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Oregon Crime Victimization Survey
The Oregon Statistical Analysis Center of the Oregon Criminal Justice Commission contracted with the Oregon Survey Research Laboratory to include in it's statewide survey questions of crime victimization in both 2002-2003 and early 2004. The random telephone surveys, known as the Oregon Annual Social Indicators Survey (OASIS), were sponsored by several parties covering a wide range of topics. Respondents were 18 years of age or older.


 
There were three main questions pertaining to being a crime victim: 1) was the respondent a victim of a crime of violence (if so how many times?), 2) was the respondent a victim of a property crime (if so how many times?), and 3) did the respondent contact the police.1


In a 2002-2003 survey and out of 801 respondents, 7.37% (59) indicated that they had been a victim of a crime of violence during the past 12 months. In 2004 and out of 805 respondents, 5.84% (47) indicated they had been a victim of a violent crime.


In the 2002-2003 survey 23.3%, (187) reported having been a victim of a property crime during the past 12 months. In the 2004 survey the percent indicating they were a victim of a property crime was 22.11% of the respondents. In 2002-2003, 37, were victims of both violent and property crimes and in 2004, 24 respondents were victims of both types of crime. In the 2002-2003 survey, 26.0%, of all respondents were victims of one crime or another. In 2004, 25.0% reported being a victim of one or another type of crime.


Among those who reported being the victim of a person crime, in 2002-2003 55.9% also reported having contacted police about the crime, while in 2004 53.2% reported being a victim of a violent crime . Among those who reported being the victim of a property crime, in 2002-2003 58.8% also reported having contacted police about the crime, while in 2004 52.2% reported to police that they had been a victim of a property crime.


 
The U.S. Bureau of Census conducts the National Crime Victimization Surveys as an ongoing survey for the Bureau of Justice Statistics. In the bulletin Crime and the Nation's Households, 2000 with trends, 1994-2000 09/02  the reported national personal (violent) crime rate was 4.2% and the property crime rate was 13.6%. Vandalism is not included in above property rates and some violent crimes are not included in the violent crimes category. The National Survey does not beak out victimization rates by state but they do report higher rates for the states in the West: violent crimes with a 5.2% rate and property crimes with a 17.3% rate.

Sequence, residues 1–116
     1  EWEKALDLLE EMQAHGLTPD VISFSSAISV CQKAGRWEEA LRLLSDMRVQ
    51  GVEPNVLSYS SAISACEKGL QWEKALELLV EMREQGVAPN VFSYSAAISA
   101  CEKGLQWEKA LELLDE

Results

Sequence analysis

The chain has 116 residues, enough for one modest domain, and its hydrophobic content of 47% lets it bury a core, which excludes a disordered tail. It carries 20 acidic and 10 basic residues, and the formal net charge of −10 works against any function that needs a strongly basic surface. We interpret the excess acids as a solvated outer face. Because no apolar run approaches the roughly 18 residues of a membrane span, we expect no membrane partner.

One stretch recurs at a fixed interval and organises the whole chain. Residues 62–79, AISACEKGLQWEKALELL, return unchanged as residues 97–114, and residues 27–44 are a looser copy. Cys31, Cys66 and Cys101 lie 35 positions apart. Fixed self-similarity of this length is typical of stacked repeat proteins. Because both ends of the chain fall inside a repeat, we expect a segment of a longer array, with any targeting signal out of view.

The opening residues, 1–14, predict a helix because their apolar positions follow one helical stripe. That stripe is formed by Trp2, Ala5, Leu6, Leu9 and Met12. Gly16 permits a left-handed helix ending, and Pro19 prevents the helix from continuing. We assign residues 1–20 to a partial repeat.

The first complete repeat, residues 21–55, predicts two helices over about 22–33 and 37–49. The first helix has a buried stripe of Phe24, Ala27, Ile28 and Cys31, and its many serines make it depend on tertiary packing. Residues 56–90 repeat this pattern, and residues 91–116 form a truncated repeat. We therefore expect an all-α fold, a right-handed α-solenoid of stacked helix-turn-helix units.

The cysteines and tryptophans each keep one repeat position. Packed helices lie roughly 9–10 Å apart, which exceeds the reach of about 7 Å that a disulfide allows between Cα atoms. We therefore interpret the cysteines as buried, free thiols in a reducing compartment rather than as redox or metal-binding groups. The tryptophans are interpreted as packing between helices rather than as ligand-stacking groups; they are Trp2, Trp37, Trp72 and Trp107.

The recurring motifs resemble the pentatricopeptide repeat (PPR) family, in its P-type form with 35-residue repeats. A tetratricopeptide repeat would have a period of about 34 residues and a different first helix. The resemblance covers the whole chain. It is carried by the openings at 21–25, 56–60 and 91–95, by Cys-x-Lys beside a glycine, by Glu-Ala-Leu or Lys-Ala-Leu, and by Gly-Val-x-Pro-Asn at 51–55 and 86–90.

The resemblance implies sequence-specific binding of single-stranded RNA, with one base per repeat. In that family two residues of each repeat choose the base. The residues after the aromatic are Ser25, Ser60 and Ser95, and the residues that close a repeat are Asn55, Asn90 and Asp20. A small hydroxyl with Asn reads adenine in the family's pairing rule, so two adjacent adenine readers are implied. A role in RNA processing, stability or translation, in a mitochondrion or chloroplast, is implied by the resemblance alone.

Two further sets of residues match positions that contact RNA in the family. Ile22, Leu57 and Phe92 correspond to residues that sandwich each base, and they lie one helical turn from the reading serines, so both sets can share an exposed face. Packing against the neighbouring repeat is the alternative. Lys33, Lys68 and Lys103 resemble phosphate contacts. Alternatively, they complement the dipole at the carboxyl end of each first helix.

TheIdaho Statistical Analysis Center of the Idaho State Police, Salvador P. Váquez, Director, and Mary K. Stohr, Ph.D, Department of Criminal Justice Administration, Boise State University, conducted a crime victimization survey in the spring of 2000 and agin in 2001. They found that seven and three tenths of a percent, 7.3%, of the households in Idaho were victims of a violent crime and 21.5% of the households experienced a property crime. These are very close to Oregon's latest rates.


 
From 1978 to 1990 the State of Oregon through the Oregon Statistical Analysis Center conducted criminal victimization surveys by mail. Random samples of Oregonians were selected from licensed drivers. Typically the sample size of the respondents was 900 to just over 1,000. A 1988 report examined victimization trends from 1977 to 19852. Property victimization rates ranged from 18.5% to 28.4%. Victims of person crimes ranged from 2.8% to 4.4%.

Feelings About Oregon Police Officers
The surveys conducted by the Oregon Survey Research Laboratory include a question of feelings about Oregon police officers. The respondents were asked thinking about Oregon police officers, were their feelings generally positive, generally negative, or are they neutral? In the 2002-2003 survey only 8.6% reported negative feelings about Oregon police officers while in the 2004 survey that amount was 10.4% felt negative about police. In the 2002-2003 survey 69.4% had a positive feeling and in the 2004 survey 62.1% responded as haveing a positive feeling about Oregon police officers. Generally, respondents who were younger more often reported negative feeling than did older respondents.


1 The actual wording of the questions was more extensive.MS Word PDF
2 Profiling Crime Victims: Victimization Trends and Victim Characteristics in Oregon from 1977 to 1985. Phase One. by Diane Craven, PH.D. Crime Analysis Center, Department of Justice. State of Oregon. April 1988.